Luton Airport-based low-cost carrier easyJet is now ready to resume operations some 11 weeks after the last easyJet flight touched down at Gatwick Airport. Since easyJet flew stranded holidaymakers back from Tenerife on March 29, the entire easyJet fleet was grounded due to the COVID-19 pandemic.
The European budget airline now says that it will resume flights on select routes that it thinks will be profitable starting from June 15. The first flight penciled in for take-off on Monday morning is EZY883, a short 90-minute hop between London Gatwick and Glasgow.
Tickets on flights are not cheap
While rail travelers are being asked to only travel if it is considered an essential journey, easyJet is not putting any such stipulations. While many of us were under the impression that flying after the coronavirus would be inexpensive, easyJet has cast doubt on that by charging £175 ($219) for a one-way flight. This is according to The Independent, who say they purchased a ticket six days in advance for the 370-mile journey.
As easyJet prepares for its first post-COVID-19 flight, passengers are being phoned up individually to see if they still intend to travel. When talking to The Independent, a spokesperson for easyJet said:
“We just want to ensure customers are aware the flights are going ahead as we haven’t flown for many weeks.”
Face masks must be worn at the airport, at the gate when boarding the aircraft, and during the flight.
“You will not be permitted to board if you arrive at the gate without one.
“Only children under the age of six, and those with a valid medical reason supported by a letter from a medical practitioner are exempt.”
easyJet wants you to check your carry-on
Following guidelines issued by the Department for Transportation, easyJet asks passengers with large carry-ons to check them into the hold. This is to help reduce boarding times and the amount of time passengers spend standing in the aisle.
An easyJet spokesperson said:
“We are allowing passengers to bring hand luggage on board, but asking them to try and minimize this and advising them they will be required to stow it themselves in the overhead lockers.”
Ryanair CEO Michael O’Leary is against doing this saying it will expose more people to the risk of catching the virus, telling The Independent:
“We’re recommending passengers do exactly the opposite: maximize carry-on bags and minimize checked-in bags.
“Even though, clearly, we make more money out of checked-in bags.”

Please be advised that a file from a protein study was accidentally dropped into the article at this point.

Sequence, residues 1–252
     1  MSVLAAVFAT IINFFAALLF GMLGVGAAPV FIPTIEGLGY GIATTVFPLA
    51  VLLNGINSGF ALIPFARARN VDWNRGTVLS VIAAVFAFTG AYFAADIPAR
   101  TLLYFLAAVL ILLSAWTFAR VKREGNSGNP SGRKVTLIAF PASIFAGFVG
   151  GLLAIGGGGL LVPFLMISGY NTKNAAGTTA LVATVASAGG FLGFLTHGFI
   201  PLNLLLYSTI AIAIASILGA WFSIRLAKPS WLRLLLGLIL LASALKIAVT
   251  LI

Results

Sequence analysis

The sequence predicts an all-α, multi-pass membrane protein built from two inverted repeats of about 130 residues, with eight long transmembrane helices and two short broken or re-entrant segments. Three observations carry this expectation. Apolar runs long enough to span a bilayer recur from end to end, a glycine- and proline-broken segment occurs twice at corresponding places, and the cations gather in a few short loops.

If you decide to check a bag on easyJet’s flight to Scotland, it will cost you a further £25.49, which takes the cost of a ticket above £200 ($250). During the short flight, no drinks or snacks will be available, but the crew will supply drinking water if it is requested. Also, getting up to use the lavatories is not permitted without first getting cabin crew approval.
To reassure its passengers, easyJet says:
“Our aircraft are already fitted with HEPA [high-efficiency particulate air] filters, the same as those used in hospitals, replacing cabin air every three to four minutes.
“The cabin is thoroughly disinfected daily, which provides surface protection from viruses that lasts for at least 24 hours.”
Other United Kingdom airports that will see easyJet flights resume include:
- The Isle of Man,
- and Newcastle.
A notable exception from the list is Luton Airport from where easyJet has its headquarters and Manchester Airport.
Seven airports in France will see easyJets flights and include,
- Paris CDG,
- and Toulouse.
Other European airports include Lisbon, Porto, Barcelona, and Geneva.
easyJet plans to operate 30% of its usual summer flights
Starting July 1, easyJet will ramp up operations with an increase in routes, but it plans to operate only 30% of the summer flights it had scheduled before the coronavirus.
The airline says:
“As Europe begins to reopen, we’re doing everything possible to reunite you with the loved ones and destinations you’ve missed, in the safest way we can.”
Currently, the United Kingdom has imposed a 14-day quarantine period for people entering the country, but given the backlash from the travel industry, it may be short-lived.
What do you think about easyJet’s ticket price? Will it remain high throughout the summer, or will they be forced to drop fares to compete with Ryanair and Jet2? Please let us know your thoughts in the comments.